Leasing has several other advantages, such as being able to deduct rent as a business expense. However, all leases are different and a practice should be aware of any responsibility to pay for utilities, property taxes, insurance and/or minor repairs.

Once a practice has decided to purchase a building, a few other factors come into play. The following should be considered:

Location. In the past, a location near a hospital was considered prime. Now, with many more procedures being performed on an outpatient basis, a location near an ophthalmic surgery center may be preferable.

Size of the property. Do you want a building for your sole use or do you want to lease some of your space to other medical providers? Being a landlord can be a headache but close proximity to other providers such as primary care can help in obtaining referrals.

Type of property. Condo properties offer ownership but with many restrictions such as limited possibilities for future expansion. Condo deals should be thoroughly scrutinized as they have not always worked out well for medical practices.


Othera drug: dry AMD data. Othera Pharmaceuticals had positive visual-function results from a phase 1/2 trial of OT-551 conducted at the National Eye Institute in patients with bilateral geographic atrophy. OT-551 is a topically dosed, small molecule that acts on oxidative stress and disease-induced inflammation. In the NEI trial, 10 subjects with advanced dry AMD in both eyes were enrolled.

All subjects received 0.45% OT-551 daily for 24 months in one eye, which was randomly chosen. The untreated fellow eye served as a control in the study. A statistically significant difference in favor of OT-551 was observed in the primary endpoint, mean change in BCVA, at the end of 24 months (mean change in BCVA for dosed eye of 13.3 letters gained vs. 7.6 letters lost for fellow eye control). No other meaningful differences between study eyes and fellow eyes were observed in other endpoints. In the NEI trial and in all studies of OT-551 to date, there have been no drug-related serious adverse events.

The absence of significant effect on the rate of GA lesion enlargement indicates the need for further study concerning the efficacy of OT-551 as a treatment for GA, said Wai T. Wong, MD, PhD, clinician-scientist, Retinal Diseases, at the NEI and principal investigator for the study.

B+L launches AR EDS 2 vitamins. B+L is introducing PreserVision Eye Vitamin and Mineral Supplement AREDS 2 formula. This builds on the original AREDS formula, replacing beta-carotene with lutein (10 mg) and zeaxanthin (2 mg) and adding omega-3 fatty acids (l000 mg) per daily dosage. Scientific studies show that the inclusion of high levels of omega-3 fatty acids, lutein, and zeaxanthin in the diet of at-risk individuals supports eye health and reduces the risk of being afflicted with AMD.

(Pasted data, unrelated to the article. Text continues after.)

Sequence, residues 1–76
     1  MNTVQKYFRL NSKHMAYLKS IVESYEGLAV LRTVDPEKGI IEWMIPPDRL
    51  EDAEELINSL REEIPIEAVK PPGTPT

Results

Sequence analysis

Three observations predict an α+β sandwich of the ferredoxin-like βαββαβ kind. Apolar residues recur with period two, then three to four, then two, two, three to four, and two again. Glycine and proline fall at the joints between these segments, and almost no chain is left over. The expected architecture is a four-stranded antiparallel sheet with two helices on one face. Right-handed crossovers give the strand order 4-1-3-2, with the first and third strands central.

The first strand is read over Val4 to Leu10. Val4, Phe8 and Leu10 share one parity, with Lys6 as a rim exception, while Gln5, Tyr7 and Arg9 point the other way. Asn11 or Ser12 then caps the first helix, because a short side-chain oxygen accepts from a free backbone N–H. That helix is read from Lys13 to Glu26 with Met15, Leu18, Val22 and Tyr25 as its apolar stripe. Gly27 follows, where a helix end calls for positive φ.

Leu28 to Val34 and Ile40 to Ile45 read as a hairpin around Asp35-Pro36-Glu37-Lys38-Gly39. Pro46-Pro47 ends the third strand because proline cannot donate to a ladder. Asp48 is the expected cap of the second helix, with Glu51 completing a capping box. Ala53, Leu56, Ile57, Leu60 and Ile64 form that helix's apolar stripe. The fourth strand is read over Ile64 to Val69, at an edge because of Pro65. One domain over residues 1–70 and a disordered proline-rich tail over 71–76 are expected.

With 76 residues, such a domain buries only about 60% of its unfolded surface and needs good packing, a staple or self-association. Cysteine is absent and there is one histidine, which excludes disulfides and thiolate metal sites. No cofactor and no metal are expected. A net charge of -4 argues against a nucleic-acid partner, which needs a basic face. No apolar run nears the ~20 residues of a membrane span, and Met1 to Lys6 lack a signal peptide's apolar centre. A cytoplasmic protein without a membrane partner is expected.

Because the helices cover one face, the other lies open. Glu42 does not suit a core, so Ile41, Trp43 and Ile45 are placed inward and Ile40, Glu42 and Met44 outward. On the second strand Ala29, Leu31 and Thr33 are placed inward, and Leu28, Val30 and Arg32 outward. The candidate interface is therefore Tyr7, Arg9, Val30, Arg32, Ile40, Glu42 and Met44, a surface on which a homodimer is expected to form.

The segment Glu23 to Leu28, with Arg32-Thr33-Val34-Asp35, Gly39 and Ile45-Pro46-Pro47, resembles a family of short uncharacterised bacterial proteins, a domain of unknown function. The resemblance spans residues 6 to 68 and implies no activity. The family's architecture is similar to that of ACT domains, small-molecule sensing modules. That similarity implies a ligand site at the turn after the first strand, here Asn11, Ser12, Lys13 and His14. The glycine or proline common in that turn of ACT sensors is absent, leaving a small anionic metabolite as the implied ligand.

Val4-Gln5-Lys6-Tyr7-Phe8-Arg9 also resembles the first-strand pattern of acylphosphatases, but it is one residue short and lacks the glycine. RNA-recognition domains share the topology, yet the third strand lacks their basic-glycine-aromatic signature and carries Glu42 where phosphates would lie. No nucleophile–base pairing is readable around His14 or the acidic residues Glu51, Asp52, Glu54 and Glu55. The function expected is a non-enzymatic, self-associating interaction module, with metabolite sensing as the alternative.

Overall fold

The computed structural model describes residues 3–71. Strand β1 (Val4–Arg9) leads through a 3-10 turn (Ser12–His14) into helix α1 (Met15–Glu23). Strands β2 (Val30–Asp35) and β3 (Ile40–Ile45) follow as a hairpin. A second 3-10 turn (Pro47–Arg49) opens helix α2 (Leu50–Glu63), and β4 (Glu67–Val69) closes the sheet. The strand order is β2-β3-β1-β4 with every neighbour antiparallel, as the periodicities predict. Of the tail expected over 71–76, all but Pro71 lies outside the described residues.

Oral drug in LCA trial. QLT Inc. has announced encouraging interim results from the first three subjects enrolled in a phase lb clinical proof-of-concept study of its orally administered drug for the treatment of Leber's congenital amaurosis (LCA). The drug, known as QLT091001 is a synthetic retinoid replacement for 11-cis-retinal, a key biochemical component of visual function.

The trial will evaluate the safety profile and effects on retinal function in eight pediatric subjects (age 5 to 14 years) diagnosed with LCA due to inherited deficiency of retinal pigment epithelium protein 65 (RPE65) or lecithin:retinol acyltransferase (LRAT). Based on positive results from the first two pediatric patients, an adult patient was added to the study. Subjects receive daily oral doses of QLT091001 for seven days at the Montreal Children's Hospital at the McGill University Health Centre.

After seven days of treatment, all of the subjects experienced clinically relevant improvements in one or more visual function parameters, including BCVA, Goldmann visual field, and/or retinal sensitivity as measured by full-field sensitivity threshold testing, reports QLT. Subjects have also reported improvement in visual performance related to daily living. The onset of visual changes was rapid and there was progressive improvement beyond the seven days of treatment, with some effects persisting for up to four months after treatment.

Alimera Sciences goes public. Alimera Sciences, which specializes in the development and commercialization of prescription ophthalmic pharmaceuticals, issued publicly traded stock in April. The offering was priced at $11 a share and trades under the NASDAQ symbol ALIM.

Alimera is currently focused on retinal diseases, with its sustained-release implant lluvien for DME in late-stage clinical trials.

Iridex buys RetinaLabs product lines. Iridex said it has acquired certain assets from RetinaLabs, Inc., a privately held company based in Atlanta. RetinaLabs develops and markets retinal instrumentation and consumables used to perform vitreo-retinal procedures in the operating room and in surgery centers.

Topcon in new headquarters. Topcon Medical Systems, which makes retinal cameras, OCT instrumentation, and other devices used by retinal specialists, has relocated its US corporate headquarters from Paramus, NJ, to 111 Bauer Drive, Oakland, NJ 07436.

The company said the relocation, in line with strong business growth and development, necessitated the shift to a more spacious building. The company says the new, modern facility will enable Topcon to further broaden its infrastructure, streamline business operations and consistently deliver innovative solutions within the ophthalmic industry.